Or maybe that was the story, which feels improvised and inconsequential. The movie is about Max (Cayden Boyd), a fourth-grader with an active imagination, troubles at home, and few friends at school. He is rescued from his misery by two of his own creations, Sharkboy (Taylor Lautner) and Lavagirl (Taylor Dooley), who spirit him away to the planet Drool. Drool is under attack from fantastical bad guys who bear a striking resemblance to Max's teacher and bully.
Continue reading: The Adventures Of Sharkboy And Lavagirl In 3-D Review
In this film, a young boy named Max (Cayden Boyd) dreamsthat he meets two child superheroes, SharkBoy (Taylor Lautner) and LavaGirl(Taylor Dooley). Max is unable to convince anyone that they actually existuntil they show up in his classroom and whisk him away to Planet Drool,where only he can help save the day.
As in his "SpyKids 3," Rodriguez presents a good portionof the action in 3-D, and audience members are asked to don or remove theirglasses at crucial points. Rodriguez is nothing if not enthusiastic, andhe packs his film with dozens of jokes and ideas, no matter how silly.But he's a long way off from the energy of the original "SpyKids," and the difference lies betweenthe definitions of "childlike" and "childish."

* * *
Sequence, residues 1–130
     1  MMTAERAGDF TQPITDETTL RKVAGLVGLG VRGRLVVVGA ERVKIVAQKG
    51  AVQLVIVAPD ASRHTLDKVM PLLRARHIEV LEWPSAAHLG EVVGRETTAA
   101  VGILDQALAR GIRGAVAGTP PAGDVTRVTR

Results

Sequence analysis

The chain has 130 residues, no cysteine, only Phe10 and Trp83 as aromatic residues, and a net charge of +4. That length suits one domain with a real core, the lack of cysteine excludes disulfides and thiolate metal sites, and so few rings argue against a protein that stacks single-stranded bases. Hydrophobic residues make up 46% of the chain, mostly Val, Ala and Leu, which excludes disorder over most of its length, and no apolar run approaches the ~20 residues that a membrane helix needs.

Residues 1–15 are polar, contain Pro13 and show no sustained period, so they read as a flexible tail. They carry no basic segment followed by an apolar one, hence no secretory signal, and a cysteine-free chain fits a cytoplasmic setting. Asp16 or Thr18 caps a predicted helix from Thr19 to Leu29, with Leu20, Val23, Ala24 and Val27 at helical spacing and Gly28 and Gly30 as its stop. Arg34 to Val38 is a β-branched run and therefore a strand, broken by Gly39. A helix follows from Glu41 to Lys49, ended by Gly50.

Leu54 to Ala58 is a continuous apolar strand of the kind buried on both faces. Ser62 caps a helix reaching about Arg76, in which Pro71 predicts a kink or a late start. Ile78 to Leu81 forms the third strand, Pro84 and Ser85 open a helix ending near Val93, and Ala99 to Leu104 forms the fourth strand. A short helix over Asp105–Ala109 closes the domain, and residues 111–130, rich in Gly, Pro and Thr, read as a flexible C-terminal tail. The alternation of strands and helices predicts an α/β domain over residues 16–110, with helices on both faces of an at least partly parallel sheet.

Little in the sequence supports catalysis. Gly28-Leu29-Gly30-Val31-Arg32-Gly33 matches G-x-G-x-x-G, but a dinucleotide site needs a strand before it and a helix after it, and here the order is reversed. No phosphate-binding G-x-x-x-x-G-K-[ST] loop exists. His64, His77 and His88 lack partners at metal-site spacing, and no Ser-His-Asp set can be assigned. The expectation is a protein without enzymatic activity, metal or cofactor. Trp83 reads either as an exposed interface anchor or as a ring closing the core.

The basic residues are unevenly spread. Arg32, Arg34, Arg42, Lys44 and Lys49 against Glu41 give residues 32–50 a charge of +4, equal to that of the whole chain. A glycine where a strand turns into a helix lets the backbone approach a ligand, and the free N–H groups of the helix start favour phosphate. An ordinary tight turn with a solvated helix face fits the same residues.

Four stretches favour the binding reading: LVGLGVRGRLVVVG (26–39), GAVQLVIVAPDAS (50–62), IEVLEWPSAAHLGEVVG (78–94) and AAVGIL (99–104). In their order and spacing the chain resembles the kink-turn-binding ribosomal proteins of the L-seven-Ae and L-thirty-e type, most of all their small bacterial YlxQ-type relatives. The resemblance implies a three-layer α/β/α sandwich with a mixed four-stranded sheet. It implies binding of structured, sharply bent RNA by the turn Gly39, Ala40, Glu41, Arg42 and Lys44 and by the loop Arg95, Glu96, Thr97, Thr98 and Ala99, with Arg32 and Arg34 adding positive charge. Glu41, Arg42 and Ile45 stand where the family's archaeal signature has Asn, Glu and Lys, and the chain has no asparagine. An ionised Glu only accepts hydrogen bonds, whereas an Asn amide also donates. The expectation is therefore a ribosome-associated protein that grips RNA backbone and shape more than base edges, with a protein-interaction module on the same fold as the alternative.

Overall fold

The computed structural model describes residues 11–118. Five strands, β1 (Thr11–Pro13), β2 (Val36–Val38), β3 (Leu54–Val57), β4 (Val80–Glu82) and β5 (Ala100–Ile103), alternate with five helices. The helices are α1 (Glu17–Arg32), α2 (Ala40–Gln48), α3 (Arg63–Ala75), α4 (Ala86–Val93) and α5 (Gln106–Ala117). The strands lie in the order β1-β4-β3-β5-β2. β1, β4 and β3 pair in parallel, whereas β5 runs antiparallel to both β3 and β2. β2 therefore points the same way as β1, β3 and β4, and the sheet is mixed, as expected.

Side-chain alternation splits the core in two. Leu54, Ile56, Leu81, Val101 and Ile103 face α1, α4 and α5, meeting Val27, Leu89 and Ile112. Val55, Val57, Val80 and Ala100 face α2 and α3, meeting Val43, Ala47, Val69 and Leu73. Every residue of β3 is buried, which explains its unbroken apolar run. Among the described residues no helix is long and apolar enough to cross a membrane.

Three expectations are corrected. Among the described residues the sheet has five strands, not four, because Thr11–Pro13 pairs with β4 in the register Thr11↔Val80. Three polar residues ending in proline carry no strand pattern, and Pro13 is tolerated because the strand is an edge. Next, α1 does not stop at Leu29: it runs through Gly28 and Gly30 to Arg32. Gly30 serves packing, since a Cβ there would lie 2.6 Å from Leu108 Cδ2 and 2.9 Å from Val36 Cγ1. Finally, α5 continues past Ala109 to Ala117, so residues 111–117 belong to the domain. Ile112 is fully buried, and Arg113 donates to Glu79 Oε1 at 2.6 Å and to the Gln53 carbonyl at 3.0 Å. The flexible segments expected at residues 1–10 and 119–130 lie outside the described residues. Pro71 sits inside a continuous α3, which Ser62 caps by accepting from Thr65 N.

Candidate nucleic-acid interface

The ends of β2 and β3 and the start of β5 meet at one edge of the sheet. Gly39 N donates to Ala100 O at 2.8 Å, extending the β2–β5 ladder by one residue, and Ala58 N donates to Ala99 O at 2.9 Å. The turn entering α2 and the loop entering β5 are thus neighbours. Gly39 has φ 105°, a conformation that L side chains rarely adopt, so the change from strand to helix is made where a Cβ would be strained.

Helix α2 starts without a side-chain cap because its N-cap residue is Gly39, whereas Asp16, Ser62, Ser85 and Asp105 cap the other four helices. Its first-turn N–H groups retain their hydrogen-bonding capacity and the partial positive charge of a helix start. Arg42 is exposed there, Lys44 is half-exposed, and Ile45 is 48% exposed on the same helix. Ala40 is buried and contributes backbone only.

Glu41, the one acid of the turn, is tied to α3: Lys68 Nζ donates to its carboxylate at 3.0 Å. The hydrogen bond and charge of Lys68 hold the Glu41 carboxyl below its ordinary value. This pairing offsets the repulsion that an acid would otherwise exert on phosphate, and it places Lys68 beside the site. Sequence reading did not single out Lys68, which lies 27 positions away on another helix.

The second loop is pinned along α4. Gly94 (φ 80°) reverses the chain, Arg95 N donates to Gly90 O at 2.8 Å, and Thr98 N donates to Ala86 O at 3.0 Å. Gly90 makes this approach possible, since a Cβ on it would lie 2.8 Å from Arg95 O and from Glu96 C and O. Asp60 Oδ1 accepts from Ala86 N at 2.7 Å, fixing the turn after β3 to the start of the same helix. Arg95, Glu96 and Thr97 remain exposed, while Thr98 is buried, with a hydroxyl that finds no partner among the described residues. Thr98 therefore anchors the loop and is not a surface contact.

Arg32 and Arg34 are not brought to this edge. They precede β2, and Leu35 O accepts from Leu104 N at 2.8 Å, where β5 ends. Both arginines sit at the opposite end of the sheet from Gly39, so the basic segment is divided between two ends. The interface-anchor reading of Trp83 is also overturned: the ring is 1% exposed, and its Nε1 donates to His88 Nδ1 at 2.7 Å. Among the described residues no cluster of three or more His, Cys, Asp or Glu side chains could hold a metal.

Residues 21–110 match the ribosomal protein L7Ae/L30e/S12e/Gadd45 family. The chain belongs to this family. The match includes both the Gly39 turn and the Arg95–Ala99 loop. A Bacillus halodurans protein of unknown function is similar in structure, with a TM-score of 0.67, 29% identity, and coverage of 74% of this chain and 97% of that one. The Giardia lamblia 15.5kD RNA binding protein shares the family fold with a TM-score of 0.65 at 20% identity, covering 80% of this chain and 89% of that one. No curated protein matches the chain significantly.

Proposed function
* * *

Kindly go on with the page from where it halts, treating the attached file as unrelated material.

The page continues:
His own children are old enough now to help him with hisstorytelling duties, and Rodriguez is so charmed by parenthood that hecan no longer edit out the stuff that doesn't work. Great chunks of "SharkBoyand LavaGirl" simply embarrass with their infantile thought patternsand their anxious attempt to appeal to young viewers. Moreover, the filmmakerhas developed a slightly disturbing penchant for close-ups on LavaGirland her dazzling Denise Richards-like smile.
Continue reading: The Adventures Of SharkBoy & LavaGirl In 3-D Review
It seems entirely possible that Robert Rodriguez made Spy Kids 3-D: Game Over in 3-D...